Just days after threatening to jail a political opponent should he win the presidency, Donald Trump’s got a new campaign website that’s so very … Trumpian. “Together, we are making waterboarding part of the Republican Party again,” it declares. Also, “Together, unleashing, perhaps all of our nuclear weapons.” Truer words have never come out of Trump’s mouth.
Except they didn’t, really—at least not directly. A Trump AI generated all of the site’s copy on its own. This is the work of MIT researcher Brad Hayes, who’s taken his tweeting AI called DeepDrumpf and turned up its political aspirations. Or at least its charitable ones: Choose to donate to the site and your money goes not to Trump, but to the charity Girls Who Code. “It’s a really good choice given the misogynist nature of the candidate,” says Hayes. “It’s a really good foil to that.”
AI can already write news stories. Screenplays too. But this is something altogether different. DeepDrumpf’s resemblance to Trump’s own speech is uncanny. So, then, might building things like truly human-sounding chatbots be a matter not of making them sound natural, but characteristic? Perhaps—if humans even want their AI to sound like humans in the first place.
Unlike the actual Trump, DeepDrumpf thinks very, very hard about what it’s going to say before it speaks. The AI builds its sentences not word for word, but character by character, reading through speech transcripts and scanning for patterns. “So it’s sort of answering this question of, OK, given what I’ve seen already, which character is most likely to come next?” says Hayes. In this way, Hayes doesn’t need to teach the AI grammar, which is hard as hell to master.
While the DeepDrumpf Twitter feed spouts thoughts on a wide range of topics (e.g. “I am a great judge of this country. We have to control everybody and let them fight each other. They won’t refuse me, I’ll make a fortune.”), for the campaign website, Hayes had to get his candidate to actually focus on specific positions. “The way to get it to cover those topics is to pick text from the training set when Trump was actually speaking about that topic,” Hayes says. “Usually I give it a sentence or two.” What comes out is stilted, unpredictable, sometimes not particularly comprehensible language—which means that it’s a fairly accurate impersonation of the man himself.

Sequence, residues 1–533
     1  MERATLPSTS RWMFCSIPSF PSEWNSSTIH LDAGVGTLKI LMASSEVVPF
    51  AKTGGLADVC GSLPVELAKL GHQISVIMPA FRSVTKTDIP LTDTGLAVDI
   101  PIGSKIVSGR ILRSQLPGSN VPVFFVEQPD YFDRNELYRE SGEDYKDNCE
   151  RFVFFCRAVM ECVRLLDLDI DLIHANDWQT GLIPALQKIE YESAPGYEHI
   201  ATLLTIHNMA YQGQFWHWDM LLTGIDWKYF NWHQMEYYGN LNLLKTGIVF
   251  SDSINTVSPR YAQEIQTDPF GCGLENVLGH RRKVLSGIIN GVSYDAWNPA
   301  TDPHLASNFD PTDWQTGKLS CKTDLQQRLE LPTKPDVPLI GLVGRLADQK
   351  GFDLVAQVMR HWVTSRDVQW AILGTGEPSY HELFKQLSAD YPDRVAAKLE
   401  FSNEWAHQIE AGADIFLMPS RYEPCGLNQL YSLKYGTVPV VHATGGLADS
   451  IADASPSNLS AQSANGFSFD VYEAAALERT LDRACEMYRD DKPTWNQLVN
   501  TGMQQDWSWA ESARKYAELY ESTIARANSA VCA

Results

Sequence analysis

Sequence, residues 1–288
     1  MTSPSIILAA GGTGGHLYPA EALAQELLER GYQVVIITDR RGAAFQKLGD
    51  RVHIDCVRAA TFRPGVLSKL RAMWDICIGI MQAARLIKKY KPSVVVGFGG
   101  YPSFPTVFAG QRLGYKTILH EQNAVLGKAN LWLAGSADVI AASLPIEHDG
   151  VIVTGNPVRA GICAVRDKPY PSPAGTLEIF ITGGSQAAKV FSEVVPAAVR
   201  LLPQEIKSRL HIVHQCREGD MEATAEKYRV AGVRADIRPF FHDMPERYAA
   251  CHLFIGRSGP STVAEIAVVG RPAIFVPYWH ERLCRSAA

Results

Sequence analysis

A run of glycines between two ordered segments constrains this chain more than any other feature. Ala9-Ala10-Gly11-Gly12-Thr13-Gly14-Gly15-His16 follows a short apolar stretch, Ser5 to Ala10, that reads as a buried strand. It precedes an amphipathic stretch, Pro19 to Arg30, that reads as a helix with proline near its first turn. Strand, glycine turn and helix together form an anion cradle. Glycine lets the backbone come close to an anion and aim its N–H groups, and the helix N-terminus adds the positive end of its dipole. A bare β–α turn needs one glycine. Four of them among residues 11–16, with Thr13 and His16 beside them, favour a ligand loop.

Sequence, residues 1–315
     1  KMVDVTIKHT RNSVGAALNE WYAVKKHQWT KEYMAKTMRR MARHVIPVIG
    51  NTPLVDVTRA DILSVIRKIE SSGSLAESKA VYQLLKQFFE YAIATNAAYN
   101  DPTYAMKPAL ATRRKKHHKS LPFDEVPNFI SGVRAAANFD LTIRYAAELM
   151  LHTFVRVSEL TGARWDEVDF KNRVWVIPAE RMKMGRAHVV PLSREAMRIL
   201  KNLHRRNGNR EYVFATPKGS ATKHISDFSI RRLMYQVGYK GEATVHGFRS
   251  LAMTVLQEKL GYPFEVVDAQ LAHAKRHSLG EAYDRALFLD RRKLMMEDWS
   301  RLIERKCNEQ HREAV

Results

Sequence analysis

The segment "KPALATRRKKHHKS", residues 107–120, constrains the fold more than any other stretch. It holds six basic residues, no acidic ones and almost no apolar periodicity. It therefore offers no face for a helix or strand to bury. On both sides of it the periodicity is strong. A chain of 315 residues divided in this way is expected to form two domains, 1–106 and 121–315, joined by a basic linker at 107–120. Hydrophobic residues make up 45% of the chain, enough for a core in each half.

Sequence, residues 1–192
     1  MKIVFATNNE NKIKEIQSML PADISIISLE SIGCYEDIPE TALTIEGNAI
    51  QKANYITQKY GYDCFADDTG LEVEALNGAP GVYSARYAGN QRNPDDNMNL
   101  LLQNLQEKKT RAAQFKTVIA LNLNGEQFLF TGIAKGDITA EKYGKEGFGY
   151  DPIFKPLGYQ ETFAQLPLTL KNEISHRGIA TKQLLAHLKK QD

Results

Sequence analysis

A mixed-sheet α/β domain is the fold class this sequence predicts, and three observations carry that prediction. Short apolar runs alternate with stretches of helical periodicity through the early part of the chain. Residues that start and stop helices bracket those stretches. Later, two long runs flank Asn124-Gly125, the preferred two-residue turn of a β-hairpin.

If Only DeepDrumpf Were a Chatbot
Now, you can’t interact with DeepDrumpf on Twitter. Message it all you want, but it won’t reply. But what if you could? What if DeepDrumpf were a chatbot? Might infusing such an imperfect, characteristic tone into a chatbot convince you that you’re talking to a human instead of a machine? After all, trickery is one way to tackle the Turing Test.
Consider ELIZA, an AI from the 1960s. Its programmers modeled it after a psychiatrist, and psychiatrists, of course, ask a lot of questions. Its responses of “In what way?” or “Can you think of a specific example?” were good and broad. If ELIZA was at any point confused, it just fired back something like, “Very interesting. Please go on.” It was cheating, but it was also relatively effective in appearing human.